RADICANTS, PARIS: Selin Davasse, “Unlace my Syntax”, April 15, 2023, 7 PM

In “Unlace my Syntax” Selin Davasse slips into the role of the Tamada, a rhetorically adept and alcoholically well-versed master of ceremonies ociating at Georgian banqueting tables. She transplants the sociopolitical space of the banquet to Pickle Bar, conjuring an interaction ritual revolving around the speech genre of toasting and the communal musicking modes in Georgian polyphonic singing. Mimicking but also menacing public speech customs rooted in masculine self-mastery, she salutes all unbounded, porous and shapeshi!ing bodies by welcoming contamination. Interpreting the banquet as an academy where unocial narratives are celebrated and the Tamada as a wandering agent of mythopoetic transmission, she raises her glass to knowledge that is sung, not archived.

Concept, Text, Performance: Selin Davasse
Custom Suit: Situationist
Hair Design: Henriette Theurgarten
Musical Arrangements: Dorothee Barall
Leaflet Design: Ozan Şanal (Studio Abo)
Leaflet Photography: Joseph Kadow
Custom Nails: Camilla Inge Volbert
Jewelry: Räthel&Wolf

Make-up: Agatha Couture

Selin Davasse (b. 1992, Turkey) lives and works in Berlin. Her research-based performance practice repurposes disparate literary and performative techniques to engage with ethics and politics from alternative presents and speculative futures. Composed of narrative and sonic textures, her work condenses systems of thought into intimate feminine expressions; and takes shape as spoken-and-sung performances with participatory, playful, and parodic layers forming heterogeneous hospitable relations with the audience.

RADICANTS, PARIS: Nikolay Karabinovych, “Opalima Kupina. 101 Years forward with Zdanevich”, 22 April, 2023, 6pm

Opalima Kupina. 101 Years forward with Zdanevich. is a lecture-performance by Nikolay Karabinovych with elements of buffonada*. In 1922, after his transit through the Ottoman Empire, the Tbilisi born futurist poet Ilia Zdanevich emigrated to Paris where he performed his Zaum* texts in various café surrounded by the Eastern Europe and Caucasus diasporas. By recounting the texts with surprised slapstick while invoking a music history to map the poet’s displacements, the lecture offers to revive the cabaret-like aesthetic of Zdanevich’s performances. Doing so, Karabinovych describes a potential transnational history of Paris émigrés and uncommon historical parallel following Zdanevich assertive critique of the intelligentsia of old Empires. After all, the Tatlin Tower is the hypertrophied leg of the Eiffel Tower.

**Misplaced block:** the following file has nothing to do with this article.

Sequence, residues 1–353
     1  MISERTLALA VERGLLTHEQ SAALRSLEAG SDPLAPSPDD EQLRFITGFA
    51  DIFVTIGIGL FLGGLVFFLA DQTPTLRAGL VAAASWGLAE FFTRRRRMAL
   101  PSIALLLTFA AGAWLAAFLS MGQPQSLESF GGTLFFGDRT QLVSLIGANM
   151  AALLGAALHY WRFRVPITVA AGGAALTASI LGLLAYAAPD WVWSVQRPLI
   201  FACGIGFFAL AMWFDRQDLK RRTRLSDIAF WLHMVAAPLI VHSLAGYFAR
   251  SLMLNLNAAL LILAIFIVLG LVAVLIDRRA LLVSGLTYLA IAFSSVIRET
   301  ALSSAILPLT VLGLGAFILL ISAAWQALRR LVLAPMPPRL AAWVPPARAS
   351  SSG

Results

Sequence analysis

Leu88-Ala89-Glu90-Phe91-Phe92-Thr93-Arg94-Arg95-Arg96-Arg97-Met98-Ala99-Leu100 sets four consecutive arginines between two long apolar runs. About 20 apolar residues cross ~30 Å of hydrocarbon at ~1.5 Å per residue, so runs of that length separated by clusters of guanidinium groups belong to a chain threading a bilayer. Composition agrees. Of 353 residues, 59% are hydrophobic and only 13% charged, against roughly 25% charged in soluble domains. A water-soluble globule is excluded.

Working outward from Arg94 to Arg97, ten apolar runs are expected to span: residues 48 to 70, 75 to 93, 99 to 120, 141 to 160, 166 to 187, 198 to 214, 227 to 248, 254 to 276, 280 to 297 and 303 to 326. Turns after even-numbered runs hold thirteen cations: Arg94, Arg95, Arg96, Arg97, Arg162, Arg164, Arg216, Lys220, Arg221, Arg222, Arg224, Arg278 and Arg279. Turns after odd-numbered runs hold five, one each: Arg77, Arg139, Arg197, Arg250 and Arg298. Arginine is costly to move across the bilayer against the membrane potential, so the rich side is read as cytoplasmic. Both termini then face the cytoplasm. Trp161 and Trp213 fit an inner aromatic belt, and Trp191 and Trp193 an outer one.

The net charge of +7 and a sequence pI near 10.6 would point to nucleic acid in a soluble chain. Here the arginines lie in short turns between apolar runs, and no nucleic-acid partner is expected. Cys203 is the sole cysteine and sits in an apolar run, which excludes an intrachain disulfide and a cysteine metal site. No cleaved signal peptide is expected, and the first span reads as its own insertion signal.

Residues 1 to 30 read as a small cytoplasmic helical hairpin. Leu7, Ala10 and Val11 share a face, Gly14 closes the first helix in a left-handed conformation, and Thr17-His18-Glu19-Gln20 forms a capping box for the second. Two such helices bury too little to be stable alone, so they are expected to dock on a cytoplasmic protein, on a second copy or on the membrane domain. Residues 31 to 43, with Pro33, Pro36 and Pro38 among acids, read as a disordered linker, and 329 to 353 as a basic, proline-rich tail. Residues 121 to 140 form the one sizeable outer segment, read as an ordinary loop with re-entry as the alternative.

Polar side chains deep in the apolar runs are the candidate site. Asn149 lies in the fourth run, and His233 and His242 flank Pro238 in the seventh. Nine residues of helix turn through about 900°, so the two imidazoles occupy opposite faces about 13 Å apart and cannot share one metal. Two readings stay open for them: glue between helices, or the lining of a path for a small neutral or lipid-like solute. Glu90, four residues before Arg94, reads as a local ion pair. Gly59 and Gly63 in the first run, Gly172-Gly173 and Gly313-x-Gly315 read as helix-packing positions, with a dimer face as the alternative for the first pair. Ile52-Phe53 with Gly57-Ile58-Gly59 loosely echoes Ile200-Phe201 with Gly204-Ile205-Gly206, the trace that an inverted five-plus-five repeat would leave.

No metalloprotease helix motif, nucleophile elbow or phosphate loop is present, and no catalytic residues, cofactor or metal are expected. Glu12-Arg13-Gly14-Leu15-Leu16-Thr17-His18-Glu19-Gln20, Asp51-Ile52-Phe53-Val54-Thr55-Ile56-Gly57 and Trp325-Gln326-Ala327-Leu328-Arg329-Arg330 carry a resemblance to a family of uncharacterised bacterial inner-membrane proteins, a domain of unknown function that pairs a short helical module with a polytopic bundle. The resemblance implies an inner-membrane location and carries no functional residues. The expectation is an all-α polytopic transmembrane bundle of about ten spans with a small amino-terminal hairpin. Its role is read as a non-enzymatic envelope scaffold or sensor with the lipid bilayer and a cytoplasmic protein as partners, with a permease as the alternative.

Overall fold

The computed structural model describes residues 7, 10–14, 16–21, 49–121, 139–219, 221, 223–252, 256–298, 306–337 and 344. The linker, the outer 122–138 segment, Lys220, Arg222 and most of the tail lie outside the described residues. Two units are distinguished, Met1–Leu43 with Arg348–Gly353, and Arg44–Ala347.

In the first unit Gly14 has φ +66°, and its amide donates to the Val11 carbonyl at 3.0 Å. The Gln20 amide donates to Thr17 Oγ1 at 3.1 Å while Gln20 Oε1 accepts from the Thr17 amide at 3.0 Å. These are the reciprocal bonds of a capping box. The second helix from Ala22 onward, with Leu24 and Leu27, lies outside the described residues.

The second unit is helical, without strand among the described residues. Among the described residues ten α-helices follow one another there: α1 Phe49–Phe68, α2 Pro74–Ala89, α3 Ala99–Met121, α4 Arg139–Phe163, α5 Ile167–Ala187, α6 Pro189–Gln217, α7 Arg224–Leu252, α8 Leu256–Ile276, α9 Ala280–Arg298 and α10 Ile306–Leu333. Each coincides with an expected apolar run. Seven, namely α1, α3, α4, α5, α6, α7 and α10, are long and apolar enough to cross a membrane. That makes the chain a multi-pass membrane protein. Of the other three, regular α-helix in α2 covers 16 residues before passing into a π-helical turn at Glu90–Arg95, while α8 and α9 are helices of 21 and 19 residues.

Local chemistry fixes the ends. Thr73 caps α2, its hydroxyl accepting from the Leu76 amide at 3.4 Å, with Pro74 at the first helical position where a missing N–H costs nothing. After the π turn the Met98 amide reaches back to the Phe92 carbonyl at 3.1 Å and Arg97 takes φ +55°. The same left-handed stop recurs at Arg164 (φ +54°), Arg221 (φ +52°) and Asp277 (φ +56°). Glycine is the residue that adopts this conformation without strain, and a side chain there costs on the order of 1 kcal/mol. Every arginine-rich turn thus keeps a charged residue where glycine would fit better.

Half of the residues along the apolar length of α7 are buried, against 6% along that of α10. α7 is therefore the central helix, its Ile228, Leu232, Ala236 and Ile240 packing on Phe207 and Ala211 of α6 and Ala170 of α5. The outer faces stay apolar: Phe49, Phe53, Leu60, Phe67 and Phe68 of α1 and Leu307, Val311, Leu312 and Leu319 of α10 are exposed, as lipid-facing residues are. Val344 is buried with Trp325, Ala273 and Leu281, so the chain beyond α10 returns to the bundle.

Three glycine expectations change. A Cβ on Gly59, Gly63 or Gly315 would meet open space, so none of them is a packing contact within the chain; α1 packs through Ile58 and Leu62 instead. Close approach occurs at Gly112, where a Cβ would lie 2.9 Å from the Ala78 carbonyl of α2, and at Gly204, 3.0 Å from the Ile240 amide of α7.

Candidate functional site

* Buffonada is the Ukrainian word for “Slapstick”: a style of humor involving exaggerated physical activity that exceeds the boundaries of normal physical comedy.

* Zaum are linguistic experiments in sound symbolism and language creation coined by Cubo-Futurist poets. It is a non-referential phonetic entity with its own ontology.  It’s organized through phonetic analogy and rhythm.

Nikolay Karabinovych (Odesa, 1988) is an artist from Ukraine, currently based in Antwerp, who works across various media such as video installation, performance, sound, and sculpture. He explores the social histories of Eastern Europe, approaching collective and personal memory by means of analytical, conceptual or interventionist tactics.

RADICANTS, PARIS: Andrius Arutiunian, “Kayīb”, May 6, 7 PM

Kayīb is a sound performance combining formerly forbidden songs from the Caucasus and Middle East, as well as histories of charlatanism and auto-tune. From mystics in Paris such as G.I.Gurdjieff to Emperor Haile Salassie’s fascination with Armenian musicians, the performance brings together chance encounters between historical and musical figures. Arutiunian is interested in “sonic dissent” (the identification and resistance to dominant powers of sonic traditions that surround our ears). Through a series of hypnotic and repetitive sonic movements that transform extracted voices and materials, the performance unfolds as a complex interplay of multiple illicit voices gathering the audience in the act of collective listening.

Kayīb departs from Arutiunian’s recent series of works based on gharīb (a notion referring to strangeness manifesting through musical and political peripheries).

Andrius Arutiunian (b. 1991) is an Armenian-Lithuanian artist and composer based between Paris and The Hague. Arutiunian works with hybrid forms of music through installations, film, sculpture and performances.